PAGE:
So, every combination of H and X is an ambiguous time, giving 12^2 = 144 combinations.

    Of these 144, for some Pos_1 and Pos_2 will be identical, meaning that while we don't know which hand is the hour and which is the minute we do know the time. Noting that in Pos 1, H is the hour, and in Pos 2 X is the hour, and for the times to be identical the hours must be equivalent, therefore for these times X=H
    So there are 12 combinations where the two hands are in the same place
    This leaves 144 - 12 = 132 combinations
    But, because there are two ways round the hands can go for each position, there are only half this number of unique combinations so:

    Unique, ambiguous hand combinations = 132/2 = 66
  15. 07 Apr '10 21:56 / 2 edits
    sorry folks, there were many errors in the first versionand I ran out of time to edit it.

    Interesting approach PBE6, I got 132 moments, and 66 possible hand configurations, with the following proof:


    It simplifies things to work with the position of a hand represented by a number between 0 and 12, where 0 and 12 are midnight.

    The following equation will produce such a number:

    Pos_1 = H + X/12 + F/12
    where H and X are Integers between 0 and 11 (inclusive), and 0<=F<1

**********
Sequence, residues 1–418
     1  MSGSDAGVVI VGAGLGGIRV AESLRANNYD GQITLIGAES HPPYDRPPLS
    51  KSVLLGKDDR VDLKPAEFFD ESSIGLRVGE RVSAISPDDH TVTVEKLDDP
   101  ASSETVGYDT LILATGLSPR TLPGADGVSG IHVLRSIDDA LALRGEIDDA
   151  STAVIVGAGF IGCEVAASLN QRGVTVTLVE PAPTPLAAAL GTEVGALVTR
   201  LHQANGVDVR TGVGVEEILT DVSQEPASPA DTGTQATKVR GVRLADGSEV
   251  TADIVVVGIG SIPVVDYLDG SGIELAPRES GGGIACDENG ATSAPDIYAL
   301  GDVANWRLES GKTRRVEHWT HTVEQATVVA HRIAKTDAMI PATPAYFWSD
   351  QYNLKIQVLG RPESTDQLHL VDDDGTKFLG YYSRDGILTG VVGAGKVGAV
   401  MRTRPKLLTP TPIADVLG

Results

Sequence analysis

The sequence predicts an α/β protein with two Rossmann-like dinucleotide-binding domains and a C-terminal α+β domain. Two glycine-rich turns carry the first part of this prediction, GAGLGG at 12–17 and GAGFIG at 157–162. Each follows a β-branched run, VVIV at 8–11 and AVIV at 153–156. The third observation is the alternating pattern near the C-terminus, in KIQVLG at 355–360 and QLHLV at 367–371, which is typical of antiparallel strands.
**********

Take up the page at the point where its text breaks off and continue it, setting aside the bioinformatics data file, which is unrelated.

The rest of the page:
In such a position, H will correspond to hours, and x/12 + f/12 to "fractions of an hour", the definition ensures that the fractional part cannot exceed 1.

    So let us assume Hand_A of the clock is at such a position, and first of all let us assume that it is the Hour Hand.
    We know that Hour = H, and, working in fractional minutes we can state:
    Minutes = 5(X + F)
    (note that Minutes cannot exceed 60)

    If Hand_A is the Hour Hand, then Hand_B must be the minute hand, and in that case, to show 5(X + F) minutes, it must be at:
    Pos_2 = X + F

    But, assuming this is an ambiguous time, Hand B could alternatively be an Hour Hand
    Noting that X ranges from 0 to 11 and F from O to 1, so from the mapping of position to time, if this is the case the time will be X hours, and F*60 minutes.

    So if Hand B showed the hour, the Hand_A would be the minute hand, to show F*60 minutes, it would point to:
    Pos_3 = 12F

    Because they refer to the same hand, Pos_1 and Pos_3 must be equivalent, so:

    12F = H + X/12 + F/12

    which rearranges to:
    F = (H + X/12)*12/143

    We can therefore cancel F out of the first equation and rearrange to give:

    Pos_1 = (144H + 12X)/143

    Similarly we can rearrange the second equation to give the pleasingly symmetric:

    Pos_2 = (12H + 144X)/143

    So, every combination of H and X is an ambiguous time, giving 12^2 = 144 ambiguous moments.

    Of these 144, for some Pos_1 and Pos_2 will be identical, meaning that while we don't know which hand is the hour and which is the minute we do know the time. Noting that in Pos 1, H is the hour, and in Pos 2 X is the hour, and for the times to be identical the hours must be equivalent, therefore for these times X=H
    So there are 12 moments where the two hands are in the same place
    This leaves 144 - 12 = 132 moments
    But, if we assume the hands are identical these, there are only half this number of unique hand patterns so:

    Unique, ambiguous hand patterns= 132/2 = 66
    ambiguous moments = 132